April 4, 2012

Message for the Dean of Westminster Abbey


Message for The Right Reverend Dr. John Ball, Dean of Westminster Abbey

Sir,  your proposal to “honour” Edward Heath in Westminster Abbey is grotesque.   

There follows extracts from my book Vigilance – A Defence of British Liberty, which clarifies the illegal nature of Heath’s deception of the British people.  He also lied to them by claiming no loss of sovereignty in the pamphlet sent to all householders in the UK prior to the referendum in 1975.  In earlier times he would have been tried for treason and almost certainly executed.

Dr Ball, you may find some of the references below instructive.  They highlight the legal and constitutional conflict between the EU and the UK, and hopefully remind you of the Church of England’s specific role and constitutional responsibilities to uphold the rule of law.


Sovereignty must – by definition – be absolute and unqualified.  It is like the concept “unique” – it cannot be limited.  Either a country is sovereign or it is not.  Either a monarch is sovereign or not.  The title, rank and style “King” is recognition of the physical embodiment of the nation’s sovereignty.  It bears no compromise.  

In the context of today’s issues, we can either have The Queen as the constitutional head of a sovereign country, or we can have a president of the European Union.  But, by definition – and despite John Major’s claim after Maastricht that The Queen was henceforth a citizen of Europe – we cannot have both.  

The 37th of the 39 Articles of Religion passed during the reign of Elizabeth I, which still have legal force, and which can be seen in any book of common prayer, says:

“The Queen’s Majesty … is not, and ought not to be, subject to any foreign jurisdiction”. 

Clause four of The Act of Succession confirmed the power of the sovereign, the role of parliament, the common law rights and liberties of the people, and the relationship between them.  It said:

“IV. And whereas the Laws of England and the Birthright of the People thereof and all the Kings and Queens who shall ascend the Throne of this Realm ought to administer the Government of the same according to the said Laws and all their Officers and Ministers ought to serve them respectively according to the same The said Lords Spiritual and Temporal and Commons do therefore humbly pray That all the Laws and Statutes of this Realm for securing the established Religion and Rights and Liberties of the People thereof and all other Laws and Statutes of the same now in Force may be ratified and confirmed. And the same are by His Majesty by and with the Advice and Consent of the said Lords Spiritual and Temporal and Commons and by Authority of the same ratified and confirmed accordingly.”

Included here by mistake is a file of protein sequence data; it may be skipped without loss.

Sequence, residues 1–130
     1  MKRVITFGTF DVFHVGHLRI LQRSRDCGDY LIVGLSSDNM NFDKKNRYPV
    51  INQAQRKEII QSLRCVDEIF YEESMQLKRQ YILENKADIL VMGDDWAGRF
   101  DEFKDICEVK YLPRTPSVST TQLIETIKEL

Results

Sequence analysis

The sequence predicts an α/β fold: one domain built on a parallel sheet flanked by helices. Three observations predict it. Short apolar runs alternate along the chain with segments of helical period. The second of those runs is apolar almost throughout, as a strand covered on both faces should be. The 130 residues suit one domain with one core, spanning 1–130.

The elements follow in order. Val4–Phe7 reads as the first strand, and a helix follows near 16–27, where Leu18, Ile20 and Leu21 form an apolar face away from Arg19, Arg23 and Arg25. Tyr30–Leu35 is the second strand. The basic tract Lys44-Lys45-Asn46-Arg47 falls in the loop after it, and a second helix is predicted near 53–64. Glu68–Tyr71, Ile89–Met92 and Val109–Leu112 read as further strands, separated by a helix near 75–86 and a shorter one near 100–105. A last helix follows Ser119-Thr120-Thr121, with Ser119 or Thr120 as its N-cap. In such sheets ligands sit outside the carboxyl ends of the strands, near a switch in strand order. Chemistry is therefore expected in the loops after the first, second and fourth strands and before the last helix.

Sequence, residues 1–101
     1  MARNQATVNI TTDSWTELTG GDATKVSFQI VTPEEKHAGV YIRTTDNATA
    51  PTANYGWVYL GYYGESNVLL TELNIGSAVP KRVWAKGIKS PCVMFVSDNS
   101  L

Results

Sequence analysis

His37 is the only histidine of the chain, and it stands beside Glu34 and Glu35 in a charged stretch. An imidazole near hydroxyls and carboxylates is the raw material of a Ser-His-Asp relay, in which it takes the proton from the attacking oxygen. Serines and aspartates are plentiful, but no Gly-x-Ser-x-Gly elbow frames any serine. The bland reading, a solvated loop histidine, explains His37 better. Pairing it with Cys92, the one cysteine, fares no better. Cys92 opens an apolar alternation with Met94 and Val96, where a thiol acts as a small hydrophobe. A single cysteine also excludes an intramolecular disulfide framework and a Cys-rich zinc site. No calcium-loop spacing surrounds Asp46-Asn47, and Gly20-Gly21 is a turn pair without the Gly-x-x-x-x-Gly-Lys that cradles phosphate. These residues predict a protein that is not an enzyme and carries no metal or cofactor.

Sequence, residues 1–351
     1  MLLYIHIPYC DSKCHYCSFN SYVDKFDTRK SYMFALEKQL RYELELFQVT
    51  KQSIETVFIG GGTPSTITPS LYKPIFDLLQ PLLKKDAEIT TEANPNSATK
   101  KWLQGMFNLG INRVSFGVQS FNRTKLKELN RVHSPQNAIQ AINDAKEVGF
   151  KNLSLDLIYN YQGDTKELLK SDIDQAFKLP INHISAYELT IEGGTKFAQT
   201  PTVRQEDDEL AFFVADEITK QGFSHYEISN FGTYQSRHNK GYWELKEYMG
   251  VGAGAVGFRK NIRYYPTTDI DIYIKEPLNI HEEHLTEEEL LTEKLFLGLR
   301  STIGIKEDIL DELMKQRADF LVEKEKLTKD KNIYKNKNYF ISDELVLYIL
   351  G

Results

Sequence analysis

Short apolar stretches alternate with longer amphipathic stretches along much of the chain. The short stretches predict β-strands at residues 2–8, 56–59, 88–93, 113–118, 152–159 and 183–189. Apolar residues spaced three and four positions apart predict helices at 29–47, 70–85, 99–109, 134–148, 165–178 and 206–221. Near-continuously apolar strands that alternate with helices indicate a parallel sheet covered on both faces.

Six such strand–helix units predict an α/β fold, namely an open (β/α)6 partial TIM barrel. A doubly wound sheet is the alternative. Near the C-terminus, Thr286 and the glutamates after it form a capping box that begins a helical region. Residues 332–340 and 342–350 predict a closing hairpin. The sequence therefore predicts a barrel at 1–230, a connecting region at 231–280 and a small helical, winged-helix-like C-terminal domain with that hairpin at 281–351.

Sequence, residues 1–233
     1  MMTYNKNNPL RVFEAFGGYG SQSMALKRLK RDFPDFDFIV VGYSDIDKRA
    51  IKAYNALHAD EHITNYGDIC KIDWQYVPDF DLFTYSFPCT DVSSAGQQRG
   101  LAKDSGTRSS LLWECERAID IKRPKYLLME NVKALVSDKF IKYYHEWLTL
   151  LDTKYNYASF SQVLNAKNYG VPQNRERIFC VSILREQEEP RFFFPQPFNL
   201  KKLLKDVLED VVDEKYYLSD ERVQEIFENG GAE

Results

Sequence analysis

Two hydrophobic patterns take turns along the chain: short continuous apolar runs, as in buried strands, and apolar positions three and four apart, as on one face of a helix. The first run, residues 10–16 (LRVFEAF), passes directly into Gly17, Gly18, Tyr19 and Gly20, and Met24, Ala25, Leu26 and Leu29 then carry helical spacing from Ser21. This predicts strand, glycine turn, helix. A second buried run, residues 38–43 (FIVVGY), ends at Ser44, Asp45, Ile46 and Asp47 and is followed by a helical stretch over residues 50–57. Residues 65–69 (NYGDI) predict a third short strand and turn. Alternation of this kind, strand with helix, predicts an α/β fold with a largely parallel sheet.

The Act of Supremacy 1559 went even further.  It included the words:

“…all usurped and foreign power and authority…may forever be clearly extinguished, and never used or obeyed in this realm.   …no foreign prince, person, prelate, state, or potentate…shall at any time after the last day of this session of Parliament, use, enjoy or exercise any manner of power, jurisdiction, superiority, authority, preeminence or privilege…within this realm, but that henceforth the same shall be clearly abolished out of this realm, for ever.” 
The Act of Supremacy is now largely repealed, but its central intentions live on through the use of almost identical words 129 years later, when The Declaration of Rights of 1688 was written.  This, too, is a settlement treaty, and not an Act of Parliament.  It too, therefore, cannot be repealed by parliament.  

The Convention Parliament which drew up the Declaration was called when the Bishop of Salisbury invoked clause 61 of Magna Carta, and demanded the attendance of 25 barons to address his grievances – evidence that clause 61 has teeth, and that there is a precedent for such action today.

The Declaration was engrossed in parliament and enrolled among the rolls of chancery.  It has never been listed, however, within the chronological tables of Acts of Parliament – a fact which might be significant.

The Bill of Rights, December 1689, incorporated all the essential clauses of the Declaration of the previous February, and may be argued to form an entrenchment of the Declaration, severely limiting parliament’s ability to make changes.  Indeed, it could be held to be doubly entrenched.  

Clause 13 lays specific responsibilities upon members of parliament to protect the best interests of the people who elected them: